Chile’s Economy Contracts for Second Month as Rebound Fades

(Bloomberg) -- Chile’s economic activity fell for the second straight month on declines in mining and commerce, adding to evidence that the jump in growth at the start of the year was short-lived.

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The Imacec index, a proxy for gross domestic product, fell 0.3% in April from the prior month, less than the -0.6% median forecast in a Bloomberg survey. From a year ago, activity gained 3.5%, the central bank reported on Monday.

Chile’s economy is slowing down this quarter after gross domestic product jumped by the most since 2021 at the start of the year. The growth outlook is being supported by interest rate reductions as well as higher prices for copper, the nation’s top export. Still, mining output has been volatile and high job informality points to continued weakness in the labor market.

What Bloomberg Economics Says

“April data show Chilean activity and domestic demand have lost momentum in the second quarter after a sharp increase in 1Q. The figures are consistent with central bank forecasts for a small quarterly decline and narrowing positive output gap. They also keep interest-rate cuts in line with policymakers’ baseline scenario on the table.”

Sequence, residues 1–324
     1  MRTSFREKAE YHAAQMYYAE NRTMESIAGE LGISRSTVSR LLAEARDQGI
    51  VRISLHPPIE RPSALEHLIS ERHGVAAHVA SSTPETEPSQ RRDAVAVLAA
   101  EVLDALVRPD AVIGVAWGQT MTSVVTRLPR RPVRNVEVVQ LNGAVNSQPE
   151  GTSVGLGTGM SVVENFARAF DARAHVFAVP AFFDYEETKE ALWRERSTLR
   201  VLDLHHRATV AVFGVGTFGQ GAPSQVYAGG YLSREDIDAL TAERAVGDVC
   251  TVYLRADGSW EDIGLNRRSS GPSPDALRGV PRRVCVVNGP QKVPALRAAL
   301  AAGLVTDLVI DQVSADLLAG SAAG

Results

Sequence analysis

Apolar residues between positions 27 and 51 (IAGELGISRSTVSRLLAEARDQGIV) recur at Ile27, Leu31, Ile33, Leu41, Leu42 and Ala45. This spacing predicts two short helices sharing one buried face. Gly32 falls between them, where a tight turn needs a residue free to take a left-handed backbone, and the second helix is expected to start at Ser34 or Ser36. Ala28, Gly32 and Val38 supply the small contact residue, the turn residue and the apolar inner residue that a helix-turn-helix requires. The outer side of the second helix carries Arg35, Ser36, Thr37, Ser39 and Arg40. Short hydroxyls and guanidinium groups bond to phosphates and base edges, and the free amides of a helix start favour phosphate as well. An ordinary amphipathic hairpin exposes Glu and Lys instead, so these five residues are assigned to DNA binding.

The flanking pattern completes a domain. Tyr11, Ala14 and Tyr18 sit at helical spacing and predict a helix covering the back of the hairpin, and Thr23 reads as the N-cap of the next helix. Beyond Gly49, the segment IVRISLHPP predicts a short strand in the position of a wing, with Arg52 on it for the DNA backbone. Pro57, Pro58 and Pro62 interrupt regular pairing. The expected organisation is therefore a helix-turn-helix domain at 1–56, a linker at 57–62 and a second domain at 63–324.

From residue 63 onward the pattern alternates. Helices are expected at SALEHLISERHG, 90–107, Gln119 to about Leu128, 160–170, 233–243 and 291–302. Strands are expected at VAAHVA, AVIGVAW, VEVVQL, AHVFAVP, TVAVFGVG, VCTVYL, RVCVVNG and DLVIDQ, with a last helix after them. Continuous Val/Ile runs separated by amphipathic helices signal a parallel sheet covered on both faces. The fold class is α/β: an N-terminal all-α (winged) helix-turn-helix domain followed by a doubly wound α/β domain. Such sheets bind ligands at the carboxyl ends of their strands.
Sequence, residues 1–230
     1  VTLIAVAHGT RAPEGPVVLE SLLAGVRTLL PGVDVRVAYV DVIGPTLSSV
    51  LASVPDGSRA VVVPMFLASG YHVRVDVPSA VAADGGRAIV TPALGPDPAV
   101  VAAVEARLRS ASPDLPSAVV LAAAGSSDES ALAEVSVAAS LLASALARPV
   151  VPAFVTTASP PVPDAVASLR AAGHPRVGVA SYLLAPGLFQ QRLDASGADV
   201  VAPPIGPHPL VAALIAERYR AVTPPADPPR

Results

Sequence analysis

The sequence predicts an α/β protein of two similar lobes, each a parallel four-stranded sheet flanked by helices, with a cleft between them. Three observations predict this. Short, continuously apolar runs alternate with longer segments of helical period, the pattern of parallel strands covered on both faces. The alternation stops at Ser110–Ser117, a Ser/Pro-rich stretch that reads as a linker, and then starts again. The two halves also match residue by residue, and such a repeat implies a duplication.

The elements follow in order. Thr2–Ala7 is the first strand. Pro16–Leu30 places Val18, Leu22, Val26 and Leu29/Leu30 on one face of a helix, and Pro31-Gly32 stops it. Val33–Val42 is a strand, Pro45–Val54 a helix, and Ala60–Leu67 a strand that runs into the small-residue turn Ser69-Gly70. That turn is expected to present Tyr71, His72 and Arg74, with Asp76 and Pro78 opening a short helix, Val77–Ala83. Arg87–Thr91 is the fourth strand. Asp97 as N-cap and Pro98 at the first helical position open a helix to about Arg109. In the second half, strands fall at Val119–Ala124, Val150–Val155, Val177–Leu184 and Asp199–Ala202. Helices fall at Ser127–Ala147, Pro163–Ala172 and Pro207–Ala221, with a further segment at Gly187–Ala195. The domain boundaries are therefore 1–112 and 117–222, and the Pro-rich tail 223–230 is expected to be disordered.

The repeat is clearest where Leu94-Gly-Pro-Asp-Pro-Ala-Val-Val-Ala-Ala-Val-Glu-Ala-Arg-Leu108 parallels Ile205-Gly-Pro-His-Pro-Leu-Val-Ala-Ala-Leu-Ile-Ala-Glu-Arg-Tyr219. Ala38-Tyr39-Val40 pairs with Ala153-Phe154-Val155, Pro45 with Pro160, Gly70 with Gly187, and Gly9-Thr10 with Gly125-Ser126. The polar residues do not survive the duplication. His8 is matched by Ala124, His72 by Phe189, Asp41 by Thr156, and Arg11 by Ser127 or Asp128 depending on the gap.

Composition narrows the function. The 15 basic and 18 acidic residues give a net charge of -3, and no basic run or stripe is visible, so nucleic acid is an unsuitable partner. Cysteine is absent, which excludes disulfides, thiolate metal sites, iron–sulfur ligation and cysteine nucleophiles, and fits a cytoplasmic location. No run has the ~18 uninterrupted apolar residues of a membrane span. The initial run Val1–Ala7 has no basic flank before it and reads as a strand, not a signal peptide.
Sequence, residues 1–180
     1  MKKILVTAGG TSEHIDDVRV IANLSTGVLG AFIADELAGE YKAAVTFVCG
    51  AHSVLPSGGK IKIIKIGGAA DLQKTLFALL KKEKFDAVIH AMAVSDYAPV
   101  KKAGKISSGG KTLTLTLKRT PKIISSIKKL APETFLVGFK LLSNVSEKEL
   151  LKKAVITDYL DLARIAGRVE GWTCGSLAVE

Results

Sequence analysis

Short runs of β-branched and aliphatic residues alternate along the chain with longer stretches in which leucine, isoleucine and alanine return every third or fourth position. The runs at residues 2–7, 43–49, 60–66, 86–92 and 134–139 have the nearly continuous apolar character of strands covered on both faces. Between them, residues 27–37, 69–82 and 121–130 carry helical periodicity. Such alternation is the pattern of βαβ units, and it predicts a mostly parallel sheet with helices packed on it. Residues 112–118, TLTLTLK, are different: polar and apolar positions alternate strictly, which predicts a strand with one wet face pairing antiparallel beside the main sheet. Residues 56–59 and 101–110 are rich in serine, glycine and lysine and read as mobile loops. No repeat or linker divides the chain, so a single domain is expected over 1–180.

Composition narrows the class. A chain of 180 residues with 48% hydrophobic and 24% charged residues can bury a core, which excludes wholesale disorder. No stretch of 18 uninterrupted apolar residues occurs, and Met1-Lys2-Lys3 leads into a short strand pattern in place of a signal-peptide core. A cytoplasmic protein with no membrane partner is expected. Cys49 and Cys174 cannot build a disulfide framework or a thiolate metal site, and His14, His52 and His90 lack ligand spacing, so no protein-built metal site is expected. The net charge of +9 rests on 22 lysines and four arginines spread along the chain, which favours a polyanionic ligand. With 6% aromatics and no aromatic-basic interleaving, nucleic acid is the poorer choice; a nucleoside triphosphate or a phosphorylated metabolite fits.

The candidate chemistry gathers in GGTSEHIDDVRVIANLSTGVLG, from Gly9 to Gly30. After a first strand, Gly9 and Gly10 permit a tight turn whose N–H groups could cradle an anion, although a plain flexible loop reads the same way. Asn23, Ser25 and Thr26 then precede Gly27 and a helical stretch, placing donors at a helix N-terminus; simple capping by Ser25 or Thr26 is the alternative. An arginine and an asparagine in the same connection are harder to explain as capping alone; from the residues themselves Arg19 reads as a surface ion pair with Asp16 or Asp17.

— Felipe Hernandez, Latin America economist

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Mining activity fell 2.4% in April from the month prior, while commerce declined 1.4%, according to the central bank.

Separate data published Friday had shown retail sales posting a year-on-year increase in April that was in line with analyst expectations. On the other hand, the output of copper, manufacturing and industry all disappointed.

Read more: Copper Leader Chile Posts Worst Monthly Output in Over a Year

While it takes time for the full impact of higher copper prices to bolster activity, there are some immediate effects such as an improving current account balance and increased fiscal revenue, Finance Minister Mario Marcel said in a May 30 interview. The economy is in a period of expansion, he added.

In May, Chile’s government raised its 2024 economic growth forecast to 2.7% from 2.5% on stronger-than-expected activity across sectors at the start of the year and higher copper prices. Analysts surveyed by the central bank have lifted their estimates to 2.5% from 1.7% in February.

In the medium and long term, Chile’s government has said there are economic opportunities in industries including copper, lithium and green hydrogen.

On Friday, state-owned Codelco signed a definitive agreement for a public-private partnership with SQM that will ramp up lithium production at the Atacama salt flat from less than 200,000 metric tons a year toward 300,000 tons.

--With assistance from Giovanna Serafim.

(Updates with Bloomberg Economics quotes in fourth paragraph)

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